Why did I say I'd do this?
The Steinway looms at the front of the room. I know it's waiting to devour my fumbling fingers whole. Why did I think I needed performance experience?
"Thank you, Christopher, nicely done," says Ann, the lovely teacher. "Joan, your turn."
Ack! Why did I say I'd do this?
I clench my books in my hand. They're really more of a security blanket. I know the pieces cold.
Don't I? Ack!
Did I really honest-to-god say I'd do THREE pieces?
What HAD I thinking been with? Surely not my brain.
Okay, chill, babe. You can do this. You've practiced and practiced and practiced some more. You own those pieces. I set myself on the stool, put the music book on the rack and open it to the appropriate page. I address my completely sympathetic audience of seven other adult students and their guests.
"Tonight I'm going to play three pieces. The first is Bouree in A minor by Christoph Graupner."
The first two bars (eight notes) go smoothly-ish. Oh no, that was supposed to be a B flat, not a B natural.
Keep going. GACK!
I grin sheepishly at the audience. "Let's pretend that never happened." I get a good chuckle out of them and begin again. Oh, yes, this is SO amusing.
This time it's worse, so much worse. My fingers are trembling so badly, they won't do a thing I tell them. Their memory has vanished. A few bits come out the way they're supposed to--just a few. It's the longest minute-and-a-half of my entire life.
I want to flee the room in ignominy. But I have two more pieces to go.
"My second piece is Minuet in C major by Johann Wilhelm Hassler." Try saying that with the correct German accent when you can barely speak.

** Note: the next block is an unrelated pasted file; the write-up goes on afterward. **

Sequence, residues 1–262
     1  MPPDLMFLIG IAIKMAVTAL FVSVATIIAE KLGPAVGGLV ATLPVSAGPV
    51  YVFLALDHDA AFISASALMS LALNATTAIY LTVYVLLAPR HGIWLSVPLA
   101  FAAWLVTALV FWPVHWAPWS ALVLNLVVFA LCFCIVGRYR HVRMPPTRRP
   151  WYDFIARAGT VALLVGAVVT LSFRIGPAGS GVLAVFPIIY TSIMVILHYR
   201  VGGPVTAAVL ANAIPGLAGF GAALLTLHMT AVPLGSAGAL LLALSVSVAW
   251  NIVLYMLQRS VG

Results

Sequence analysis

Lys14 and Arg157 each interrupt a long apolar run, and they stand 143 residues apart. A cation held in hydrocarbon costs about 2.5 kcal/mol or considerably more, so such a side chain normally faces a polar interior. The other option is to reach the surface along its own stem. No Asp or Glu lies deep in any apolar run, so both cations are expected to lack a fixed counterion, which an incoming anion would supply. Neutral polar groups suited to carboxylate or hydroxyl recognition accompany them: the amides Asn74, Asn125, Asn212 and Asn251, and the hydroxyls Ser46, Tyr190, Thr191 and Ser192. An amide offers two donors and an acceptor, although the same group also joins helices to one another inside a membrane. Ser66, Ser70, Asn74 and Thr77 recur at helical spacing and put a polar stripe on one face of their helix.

Okay, babe, pull yourself together. Take a deep breath and release to a count of 5-4-3-2-1. Go.
Slow and steady to start. Hit the G. Yes, that's good. Pick up speed. F sharp. Oh yeah, baby. Slow it down again. Now the fun bit. Watch those tricky chords. YES! PERFECT! I OWNED THAT! The fastest minute of my life.
One more piece to go.
"My last piece is Celebration by Anne Crosby. I'd like to dedicate this piece to our teacher Ann because she helps us all to celebrate the music within."
Take a deep breath and release to a count of 5-4-3-2-1. Go.
Easy peasy beginning. Danger, danger, finger twisting section ahead. Ack! Repeat the easy bit. Ack! More chords, hand-over-hand this time. Do the last two bits over again. Easy repeat. Final staccato chord. YES! OH YES!
I give the audience a big honking grin. They clap and grin back.
I came, I played, I conquered myself.
"Thank you, Joan. Nicely done recovery. And now we have..."
The next victim of the Steinway--er, performer--rises from her seat.
x-posted at joanleacott.com